Traffic on the Westside is awful, and there's no room to build more roads, so we definitely need to improve public transit.
Our main need is for faster east-west service, but because not everyone lives within walking distance of the major east-west lines, and normal bus service is too infrequent and unpredictable, we need to complete the network of north-south Rapid routes. In particular, let's add service on La Brea (Hollywood & Highland -> La Brea -> Stocker -> La Cienega -> La Tijera -> LAX).
To solve our main east-west commute problem, it seems clear we should build a subway down Wilshire. I've been paying extra sales tax for that since 1980, let's get it done already!
But that'll take at least ten years. In the meantime, I think we should implement a bus-only lane on Wilshire during rush hour. That would make the bus only slightly slower for me than driving, make commuting by bus much more predictable, and greatly increase the number of commuters Wilshire can handle. We should probably have rush hour bus lanes on Olympic, too; after all, it has more room, and moves faster, so it'd be better for longer distance commutes.
So: I recommend a subway down Wilshire, a new Metro Rapid line down La Brea / La Tijera to LAX, and bus-only lanes down Wilshire and Olympic.
But why should we expect communities to accept bus lanes? Remember, we tried a bus lane on part of Wilshire for the last few years, and the neighborhood hated it enough to get it removed recently, even though it was helping bus riders. Indeed, in some parts, mentioning the idea of a bus lane is like waving a red flag at a bull. What could cause such animosity? Well, how about:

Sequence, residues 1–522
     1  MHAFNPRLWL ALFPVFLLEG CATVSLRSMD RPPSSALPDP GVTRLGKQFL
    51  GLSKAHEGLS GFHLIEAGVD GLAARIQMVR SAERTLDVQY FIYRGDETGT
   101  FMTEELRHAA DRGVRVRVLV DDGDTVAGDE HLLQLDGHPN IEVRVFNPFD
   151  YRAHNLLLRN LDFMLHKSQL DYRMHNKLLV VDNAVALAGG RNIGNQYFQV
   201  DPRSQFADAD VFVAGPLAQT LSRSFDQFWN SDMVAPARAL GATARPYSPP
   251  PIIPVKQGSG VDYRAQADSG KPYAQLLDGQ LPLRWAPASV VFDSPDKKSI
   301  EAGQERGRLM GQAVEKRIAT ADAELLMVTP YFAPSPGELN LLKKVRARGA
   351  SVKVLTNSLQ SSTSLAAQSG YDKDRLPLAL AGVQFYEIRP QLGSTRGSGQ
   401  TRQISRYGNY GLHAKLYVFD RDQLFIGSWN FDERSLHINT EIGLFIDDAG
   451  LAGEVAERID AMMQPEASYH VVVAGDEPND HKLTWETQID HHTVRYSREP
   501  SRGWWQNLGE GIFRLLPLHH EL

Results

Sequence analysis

If we don't deal with these issues, the bus lane will fail. Here's how I think they can be solved:
First, agree to cancel the current plans to narrow the scenic sidewalks on Wilshire in the Greater Wilshire Neighborhood Council area - the bus lane will have to fit in existing right of way there. (In fact, to widen Wilshire would contradict the Wilshire BRT Final EIR!)
Second, somehow entice a significant fraction of east-west commuters to switch to public transit. The 19 April 2007 report to the City Council says that switching 10% of commuters to public transit would cut the impact on mixed-flow traffic in half. Great! Let's switch 20%, that should get rid of most of the impact.
The city's current plan to entice commuters onto transit can best be described as "build it and hope they come". That's not likely to draw 20% of commuters out of their cars, and it won't kick in until well after the bus lane comes online. To ensure a good start for the bus lane, we should start getting commuters out of their cars even before the bus lane is built.
How to approach this impossible task? We need a coordinated plan like Pasadena's visionary "Traffic Reduction Strategies Study", which lays out a strategy for reducing rush hour traffic by 25%. It makes twelve concrete recommendations; these should be read in the context of the study document, but I'll mention them briefly here:
In addition, we should build awareness of transit service much more aggressively than Metro has done. (In fact, Metro's efforts to that end have been so lackluster that one wonders whether they actually want to attract new riders at all!) Here are a few ideas, for starters:
All the above sounds a lot more difficult and expensive than just building a bus lane, doesn't it? But that's what it will take for the bus lane, and even the subway, to succeed. I just hope the city has the will to do what it takes to solve the Westside gridlock problem. I'm not looking forward to two hour commutes to Santa Monica, which is what will happen eventually if we fail.
-- Dan Kegel
[Back to Dan Kegel's LA transit page]